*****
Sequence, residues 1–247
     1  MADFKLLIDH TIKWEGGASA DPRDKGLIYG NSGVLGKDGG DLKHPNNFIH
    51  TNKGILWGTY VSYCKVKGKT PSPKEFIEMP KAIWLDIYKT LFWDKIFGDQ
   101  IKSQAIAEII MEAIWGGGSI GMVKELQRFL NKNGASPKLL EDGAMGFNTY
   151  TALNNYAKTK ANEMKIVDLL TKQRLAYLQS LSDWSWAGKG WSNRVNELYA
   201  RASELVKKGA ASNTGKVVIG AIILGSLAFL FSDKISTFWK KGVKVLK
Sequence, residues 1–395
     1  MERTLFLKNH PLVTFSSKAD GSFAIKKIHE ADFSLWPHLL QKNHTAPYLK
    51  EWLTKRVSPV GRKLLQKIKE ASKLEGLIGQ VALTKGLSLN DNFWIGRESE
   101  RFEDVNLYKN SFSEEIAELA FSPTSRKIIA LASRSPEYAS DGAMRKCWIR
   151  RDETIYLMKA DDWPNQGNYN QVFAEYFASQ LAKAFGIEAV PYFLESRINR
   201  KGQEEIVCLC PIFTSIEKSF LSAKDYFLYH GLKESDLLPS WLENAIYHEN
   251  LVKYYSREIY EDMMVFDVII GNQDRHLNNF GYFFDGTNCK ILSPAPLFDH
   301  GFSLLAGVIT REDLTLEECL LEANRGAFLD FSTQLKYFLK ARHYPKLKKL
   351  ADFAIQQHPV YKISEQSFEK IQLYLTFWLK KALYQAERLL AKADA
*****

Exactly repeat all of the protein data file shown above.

Sequence, residues 1–247
     1  MADFKLLIDH TIKWEGGASA DPRDKGLIYG NSGVLGKDGG DLKHPNNFIH
    51  TNKGILWGTY VSYCKVKGKT PSPKEFIEMP KAIWLDIYKT LFWDKIFGDQ
   101  IKSQAIAEII MEAIWGGGSI GMVKELQRFL NKNGASPKLL EDGAMGFNTY
   151  TALNNYAKTK ANEMKIVDLL TKQRLAYLQS LSDWSWAGKG WSNRVNELYA
   201  RASELVKKGA ASNTGKVVIG AIILGSLAFL FSDKISTFWK KGVKVLK
Sequence, residues 1–395
     1  MERTLFLKNH PLVTFSSKAD GSFAIKKIHE ADFSLWPHLL QKNHTAPYLK
    51  EWLTKRVSPV GRKLLQKIKE ASKLEGLIGQ VALTKGLSLN DNFWIGRESE
   101  RFEDVNLYKN SFSEEIAELA FSPTSRKIIA LASRSPEYAS DGAMRKCWIR
   151  RDETIYLMKA DDWPNQGNYN QVFAEYFASQ LAKAFGIEAV PYFLESRINR
   201  KGQEEIVCLC PIFTSIEKSF LSAKDYFLYH GLKESDLLPS WLENAIYHEN
   251  LVKYYSREIY EDMMVFDVII GNQDRHLNNF GYFFDGTNCK ILSPAPLFDH
   301  GFSLLAGVIT REDLTLEECL LEANRGAFLD FSTQLKYFLK ARHYPKLKKL
   351  ADFAIQQHPV YKISEQSFEK IQLYLTFWLK KALYQAERLL AKADA